British Prime Minister David Cameron (left) is reportedly considering the drastic step of “pre-crime” blocking of social media sites if the violent riots in his country continue. He contends that such a move would permit authorities more time to “catch up” with arrests of suspects shown rioting on surveillance cameras. The communication platforms under particular scrutiny are Twitter, Facebook, and Blackberry Instant Messenger.
The German government is considering banning the National Democratic Party (known as NPD, for "National Party of Deutschland," a political movement defined by the punditry as "far right." Gerhard Schröeder, the Social Democrat who preceded Angela Merkel as Chancellor of Germany, failed in his attempt to ban the small party in 2003.
The reaction was predictable. Following the tragic terror attack in Norway that left more than 75 people dead, calls to further empower government erupted worldwide.
Anti-gun zealots immediately pushed for more restrictive laws, despite the fact that Norway already has an extraordinarily strict gun-control regime. The bullets reportedly used by the killer were already illegal, as was murder.
The British government is reportedly considering martial law and other extreme measures to quell the mayhem as violent riots, fires, looting, and destruction continue to spread across the United Kingdom. Meanwhile, citizens in some areas have started banding together to protect homes and businesses.
If a country wishes to save its taxpayers some money, it should enact stiff immigration laws. That’s the conclusion of a report from the Danish Integration Ministry, according to Spiegel Online.
Denmark has imposed tough measures to stem the flow of Third World immigrants, and those stricter laws have saved the taxpayers about $10 billion during the past decade. The country now boasts the strictest controls in the European Union. Though the Eurocrat left has voiced opposition to the tighter controls, conservatives believe that Denmark is in better shape than most countries that have been overrun by immigrants, many of whom join the welfare rolls and commit crimes.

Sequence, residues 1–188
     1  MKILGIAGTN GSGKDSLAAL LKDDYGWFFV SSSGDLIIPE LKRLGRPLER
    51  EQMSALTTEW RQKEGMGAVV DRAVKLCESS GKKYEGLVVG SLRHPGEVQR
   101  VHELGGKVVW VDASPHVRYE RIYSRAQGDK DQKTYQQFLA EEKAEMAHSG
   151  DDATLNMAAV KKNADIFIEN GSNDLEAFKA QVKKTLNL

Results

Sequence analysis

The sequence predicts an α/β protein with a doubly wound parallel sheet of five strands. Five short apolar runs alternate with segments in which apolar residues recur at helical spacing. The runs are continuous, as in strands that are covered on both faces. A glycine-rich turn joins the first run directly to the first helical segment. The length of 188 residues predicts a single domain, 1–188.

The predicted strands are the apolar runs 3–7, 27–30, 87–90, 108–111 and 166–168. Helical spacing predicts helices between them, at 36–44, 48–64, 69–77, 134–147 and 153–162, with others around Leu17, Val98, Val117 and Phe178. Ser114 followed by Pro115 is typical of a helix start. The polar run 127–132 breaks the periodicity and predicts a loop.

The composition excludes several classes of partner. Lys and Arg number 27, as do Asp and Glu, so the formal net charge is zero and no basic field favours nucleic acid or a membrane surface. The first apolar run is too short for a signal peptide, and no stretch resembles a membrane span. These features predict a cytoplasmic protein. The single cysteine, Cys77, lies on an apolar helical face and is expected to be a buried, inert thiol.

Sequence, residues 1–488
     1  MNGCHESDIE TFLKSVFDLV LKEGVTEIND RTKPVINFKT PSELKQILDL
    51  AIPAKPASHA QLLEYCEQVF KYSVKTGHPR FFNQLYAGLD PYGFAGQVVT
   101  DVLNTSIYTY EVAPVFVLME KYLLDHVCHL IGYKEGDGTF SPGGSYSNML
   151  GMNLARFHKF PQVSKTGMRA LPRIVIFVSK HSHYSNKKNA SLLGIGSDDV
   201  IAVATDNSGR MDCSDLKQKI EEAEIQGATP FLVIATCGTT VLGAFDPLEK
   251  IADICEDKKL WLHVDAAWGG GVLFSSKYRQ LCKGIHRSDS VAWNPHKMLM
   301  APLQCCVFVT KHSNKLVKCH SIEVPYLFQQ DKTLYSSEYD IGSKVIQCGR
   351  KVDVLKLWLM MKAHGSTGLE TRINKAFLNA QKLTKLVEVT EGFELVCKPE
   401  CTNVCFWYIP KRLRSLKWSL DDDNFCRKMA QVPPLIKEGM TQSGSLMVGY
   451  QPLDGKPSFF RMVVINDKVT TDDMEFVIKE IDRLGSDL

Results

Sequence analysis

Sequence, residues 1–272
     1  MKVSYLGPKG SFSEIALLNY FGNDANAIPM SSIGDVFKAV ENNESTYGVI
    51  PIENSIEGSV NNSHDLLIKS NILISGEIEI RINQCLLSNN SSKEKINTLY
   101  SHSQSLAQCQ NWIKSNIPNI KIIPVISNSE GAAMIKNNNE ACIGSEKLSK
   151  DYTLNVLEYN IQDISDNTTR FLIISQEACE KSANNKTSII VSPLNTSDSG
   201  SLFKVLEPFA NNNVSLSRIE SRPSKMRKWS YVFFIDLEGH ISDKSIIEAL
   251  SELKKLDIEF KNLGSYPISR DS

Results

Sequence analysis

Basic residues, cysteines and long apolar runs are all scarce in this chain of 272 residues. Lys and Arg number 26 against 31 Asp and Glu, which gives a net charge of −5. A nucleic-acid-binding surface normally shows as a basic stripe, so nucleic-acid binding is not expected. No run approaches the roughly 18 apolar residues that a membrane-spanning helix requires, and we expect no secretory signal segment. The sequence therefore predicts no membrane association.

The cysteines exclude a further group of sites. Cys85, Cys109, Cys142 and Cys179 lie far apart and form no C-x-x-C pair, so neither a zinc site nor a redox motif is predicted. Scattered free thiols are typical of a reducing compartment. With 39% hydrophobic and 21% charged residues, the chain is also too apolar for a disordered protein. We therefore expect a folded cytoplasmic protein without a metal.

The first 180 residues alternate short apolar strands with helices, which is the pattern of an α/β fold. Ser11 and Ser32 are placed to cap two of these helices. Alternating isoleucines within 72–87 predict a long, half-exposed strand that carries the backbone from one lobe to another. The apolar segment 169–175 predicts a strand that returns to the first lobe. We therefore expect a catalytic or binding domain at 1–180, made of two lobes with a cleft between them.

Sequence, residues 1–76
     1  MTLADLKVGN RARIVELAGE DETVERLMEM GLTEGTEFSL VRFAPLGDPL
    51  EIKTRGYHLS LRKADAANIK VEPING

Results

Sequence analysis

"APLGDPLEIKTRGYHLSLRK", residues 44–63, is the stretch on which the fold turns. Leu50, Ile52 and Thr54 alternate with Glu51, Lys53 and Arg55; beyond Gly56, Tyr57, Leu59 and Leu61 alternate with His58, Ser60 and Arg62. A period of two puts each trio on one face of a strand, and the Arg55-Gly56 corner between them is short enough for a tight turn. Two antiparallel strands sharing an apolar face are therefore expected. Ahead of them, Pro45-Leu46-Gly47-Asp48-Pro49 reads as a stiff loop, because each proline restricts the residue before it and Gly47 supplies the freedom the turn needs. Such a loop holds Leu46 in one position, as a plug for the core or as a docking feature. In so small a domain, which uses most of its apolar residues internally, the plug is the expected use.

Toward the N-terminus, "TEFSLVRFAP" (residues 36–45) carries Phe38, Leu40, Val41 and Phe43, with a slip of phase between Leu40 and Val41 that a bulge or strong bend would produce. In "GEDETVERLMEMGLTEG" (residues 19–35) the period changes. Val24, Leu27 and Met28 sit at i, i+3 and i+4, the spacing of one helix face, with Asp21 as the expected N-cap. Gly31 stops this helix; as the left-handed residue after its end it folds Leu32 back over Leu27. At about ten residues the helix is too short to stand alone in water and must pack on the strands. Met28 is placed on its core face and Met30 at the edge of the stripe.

The problems of European public debt reach beyond the borders of the nations that cannot pay their bills. The meltdown of the Greek economy, which is prompted by the sovereign debt crisis, is affecting banks throughout Europe. On August 5, the Royal Bank of Scotland announced that it suffered a net loss in the first half of this year in the amount of £1.4 billion due to its exposure from the struggling Greek economy.
As fears over global markets grow, the European Central Bank (ECB) signaled that it would start buying more European-government bonds in an effort to prop up the economies and governments of beleaguered nations and the region as a whole. In other words, it will print even more money to temporarily bail out reckless regimes drowning in debt.
As U.S. politicians scramble to defend themselves against raising the federal government’s astronomical debt to an even higher level, Americans may be seeing the reflection of their own future in the grim picture of insolvency across Europe.
Wojeciech Jaruzelski (left) was the communist general who was defense minister of Communist Poland when striking shipyard workers were shot and killed in 1970. He also was the practical dictator of Poland when martial law was imposed in 1981. Like other communist dictators, Jaruzelski is complicit in a vast pattern of suppression of basic rights, arrest of dissidents, and the support of the triumph of communism in the free world.
Following in the footsteps of other European nations, an Italian parliamentary commission has approved a preliminary draft that bans women from wearing veils that cover their faces in public. According to the Associated Press, the ban will prohibit women from wearing burqas, naqibs, or any other article of clothing that covers their faces.
Drive your car through the small town of Royston, England, and your license plate will be photographed by a hidden camera and checked against a national police database, regardless of whether there is probable cause to suspect you have committed a crime. Simply passing through the city limits is apparently cause enough.